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Re: Bundyite militia seizes federal building

Postby Mutex » Fri Feb 05, 2016 10:45 pm UTC

That would only allow them to discipline / fire the cop though, which is still a bit lenient if they killed someone for no justifiable reason. Better than nothing and letting them keep their job though.

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Re: Bundyite militia seizes federal building

Postby morriswalters » Sat Feb 06, 2016 12:27 am UTC

morriswalters wrote:where prosecution is concerned

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Re: Bundyite militia seizes federal building

Postby Tyndmyr » Mon Feb 08, 2016 3:12 pm UTC

sardia wrote:
Shooting first is valid if a reasonable threat is presented. Shooting first on general principles without a specific threat, not so much. That's what we're discussing. Nobody is claiming that police must always shoot second. There is significant doubt that shooting was intended at all. Certainly, nobody in the vehicle shot. They had guns. Well, some of them did. They didn't use them, or attempt to do so.

Why shouldn't the police should shoot 2nd be a policy if the department demonstrates a history of abuse and systemic failures? Precedent: Oakland police right to "innocent until proven guilty" was revoked due to how often they claimed innocence when their body cams were damaged or shut off. The accused cops had to prove themselves innocent, and were assumed guilty until proven otherwise.


Well, I don't actually want people to die. Not even cops.

Destruction of evidence is a crime, and should be pursued, however. At a certain rate, it becomes implausible to blame malfunctions. Likewise, when police routinely kill a lot of people, a standard of "gun drawn", not "motion that may or may not be towards a gun" is reasonable as a lower bar. I don't think we should require the police wait until a shot is fired, but the threat of a gunshot should at least be imminent.

Gun to hostages head? Okay, shoot, if you can do so safely for everyone else.

Hand moved towards pocket? Not okay.

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Re: Bundyite militia seizes federal building

Postby leady » Mon Feb 08, 2016 3:36 pm UTC

I'm not sure that is a reasonable standard though

I don't think that the human brain can make conscious choices in the time frame of someone twitching into their jacket or pocket in high adrenaline situations. Also the brain has a horrible tendency to interpret the eyes visual information and fill in the blanks. I actually suspect a fair number of cops that will swear blind (and actually believe) they see the gun until they realise its not true. Maybe you can train to suppress the reaction, but I wouldn't be surprised if its hardwired into the subconscious.

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Re: Bundyite militia seizes federal building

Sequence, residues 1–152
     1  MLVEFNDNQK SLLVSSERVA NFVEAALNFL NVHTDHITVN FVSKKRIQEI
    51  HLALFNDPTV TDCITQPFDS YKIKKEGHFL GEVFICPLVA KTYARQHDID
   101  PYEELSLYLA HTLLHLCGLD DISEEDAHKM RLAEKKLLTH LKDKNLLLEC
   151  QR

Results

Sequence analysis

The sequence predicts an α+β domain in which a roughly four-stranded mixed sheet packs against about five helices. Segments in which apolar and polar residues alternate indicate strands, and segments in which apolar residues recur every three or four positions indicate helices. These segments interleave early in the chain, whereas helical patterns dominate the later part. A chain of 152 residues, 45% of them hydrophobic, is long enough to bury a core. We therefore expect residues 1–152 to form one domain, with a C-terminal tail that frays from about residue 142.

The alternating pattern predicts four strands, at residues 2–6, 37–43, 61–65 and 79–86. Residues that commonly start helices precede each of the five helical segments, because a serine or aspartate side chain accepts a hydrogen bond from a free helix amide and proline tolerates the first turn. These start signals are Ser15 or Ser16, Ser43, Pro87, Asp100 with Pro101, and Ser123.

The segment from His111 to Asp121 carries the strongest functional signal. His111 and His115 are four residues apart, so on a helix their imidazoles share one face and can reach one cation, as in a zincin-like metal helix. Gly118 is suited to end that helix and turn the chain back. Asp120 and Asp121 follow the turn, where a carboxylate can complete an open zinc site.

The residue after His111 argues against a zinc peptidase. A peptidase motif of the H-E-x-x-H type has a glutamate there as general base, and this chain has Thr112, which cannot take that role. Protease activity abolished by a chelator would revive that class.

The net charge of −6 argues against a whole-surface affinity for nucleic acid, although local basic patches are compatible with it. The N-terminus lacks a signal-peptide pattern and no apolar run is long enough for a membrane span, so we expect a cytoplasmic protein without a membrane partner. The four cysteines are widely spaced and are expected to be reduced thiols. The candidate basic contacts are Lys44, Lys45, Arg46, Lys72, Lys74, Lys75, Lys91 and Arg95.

Postby morriswalters » Mon Feb 08, 2016 5:25 pm UTC

leady wrote:I'm not sure that is a reasonable standard though

I don't think that the human brain can make conscious choices in the time frame of someone twitching into their jacket or pocket in high adrenaline situations. Also the brain has a horrible tendency to interpret the eyes visual information and fill in the blanks. I actually suspect a fair number of cops that will swear blind (and actually believe) they see the gun until they realise its not true. Maybe you can train to suppress the reaction, but I wouldn't be surprised if its hardwired into the subconscious.
How dare you be rational! To suppose there might be an alternative narrative. Case in point, two officers attempt to subdue a subject of an arrest warrant with some previous history of being aggressive with police, they tase him, and while he is down they attempt to subdue him. He draws and shoots one officer, killing him, before being shot in turn by the second officer.

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Re: Bundyite militia seizes federal building

Postby Tyndmyr » Mon Feb 08, 2016 6:07 pm UTC

leady wrote:I'm not sure that is a reasonable standard though

I don't think that the human brain can make conscious choices in the time frame of someone twitching into their jacket or pocket in high adrenaline situations. Also the brain has a horrible tendency to interpret the eyes visual information and fill in the blanks. I actually suspect a fair number of cops that will swear blind (and actually believe) they see the gun until they realise its not true. Maybe you can train to suppress the reaction, but I wouldn't be surprised if its hardwired into the subconscious.


I am entirely okay with cops being trained to not end peoples lives pointlessly.

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Re: Bundyite militia seizes federal building

Postby sardia » Mon Feb 08, 2016 7:28 pm UTC

Would you be ok with cops putting their lives in increased danger in order to save more civilian lives?

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Re: Bundyite militia seizes federal building

Postby Tyndmyr » Mon Feb 08, 2016 7:40 pm UTC

sardia wrote:Would you be ok with cops putting their lives in increased danger in order to save more civilian lives?


That's pretty much why they exist.

If police are not making us safer, what's the point?

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Re: Bundyite militia seizes federal building

Postby morriswalters » Mon Feb 08, 2016 8:02 pm UTC

sardia wrote:Would you be ok with cops putting their lives in increased danger in order to save more civilian lives?
Would you put on a badge and take that risk?

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Re: Bundyite militia seizes federal building

Postby Tyndmyr » Mon Feb 08, 2016 8:07 pm UTC

morriswalters wrote:
sardia wrote:Would you be ok with cops putting their lives in increased danger in order to save more civilian lives?
Would you put on a badge and take that risk?


This is pretty much what the military, by definition, do. So yes, I would.

Perhaps not everyone would. That's fine. We don't need everyone to be cops. In fact, some people definitely should not be.